name: filebeat
  keepfiles: 7
  permissions: 0644

#==================== Elasticsearch template setting ==========================

setup.template.settings:
  index.number_of_shards: 1
  #index.codec: best_compression
  #_source.enabled: false

#================================ General =====================================

# The name of the shipper that publishes the network data. It can be used to group
# all the transactions sent by a single shipper in the web interface.
#name:

# The tags of the shipper are included in their own field with each
# transaction published.
#tags: ["service-X", "web-tier"]

# Optional fields that you can specify to add additional information to the
# output.
#fields:
#  env: staging


#============================== Dashboards =====================================
# These settings control loading the sample dashboards to the Kibana index. Loading
# the dashboards is disabled by default and can be enabled either by setting the
# options here or by using the `setup` command.
#setup.dashboards.enabled: false

# The URL from where to download the dashboards archive. By default this URL
# has a value which is computed based on the Beat name and version. For released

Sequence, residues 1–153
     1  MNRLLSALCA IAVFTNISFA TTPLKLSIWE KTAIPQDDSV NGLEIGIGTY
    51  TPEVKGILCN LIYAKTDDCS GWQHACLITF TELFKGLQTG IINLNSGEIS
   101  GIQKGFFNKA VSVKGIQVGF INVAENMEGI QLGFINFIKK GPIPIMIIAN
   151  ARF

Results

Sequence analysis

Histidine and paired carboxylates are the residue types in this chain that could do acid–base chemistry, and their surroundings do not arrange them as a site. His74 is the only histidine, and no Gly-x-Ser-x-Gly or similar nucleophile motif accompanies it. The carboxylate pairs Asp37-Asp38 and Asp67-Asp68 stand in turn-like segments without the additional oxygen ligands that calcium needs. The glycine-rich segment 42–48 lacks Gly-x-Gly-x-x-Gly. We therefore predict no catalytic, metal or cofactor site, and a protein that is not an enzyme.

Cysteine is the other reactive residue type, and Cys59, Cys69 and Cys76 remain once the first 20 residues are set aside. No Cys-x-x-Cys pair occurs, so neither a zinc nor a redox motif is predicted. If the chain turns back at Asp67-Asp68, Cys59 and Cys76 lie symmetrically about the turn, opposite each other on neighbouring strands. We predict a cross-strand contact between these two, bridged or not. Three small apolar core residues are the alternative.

# versions, this URL points to the dashboard archive on the artifacts.elastic.co
# website.
#setup.dashboards.url:

#============================== Kibana =====================================

# Starting with Beats version 6.0.0, the dashboards are loaded via the Kibana API.
# This requires a Kibana endpoint configuration.
setup.kibana:

  # Kibana Host
  # Scheme and port can be left out and will be set to the default (http and 5601)
  # In case you specify and additional path, the scheme is required: http://localhost:5601/path
  # IPv6 addresses should always be defined as: https://[2001:db8::1]:5601
  #host: "localhost:5601"

  # Kibana Space ID
  # ID of the Kibana Space into which the dashboards should be loaded. By default,
  # the Default Space will be used.
  #space.id:

#============================= Elastic Cloud ==================================

# These settings simplify using Filebeat with the Elastic Cloud (https://cloud.elastic.co/).

# The cloud.id setting overwrites the `output.elasticsearch.hosts` and
# `setup.kibana.host` options.
# You can find the `cloud.id` in the Elastic Cloud web UI.
#cloud.id:

# The cloud.auth setting overwrites the `output.elasticsearch.username` and
# `output.elasticsearch.password` settings. The format is `<user>:<pass>`.
#cloud.auth:

#================================ Outputs =====================================

# Configure what output to use when sending the data collected by the beat.

#-------------------------- Elasticsearch output ------------------------------
#output.elasticsearch:
  # Array of hosts to connect to.
  #hosts: ["localhost:9200"]

  # Optional protocol and basic auth credentials.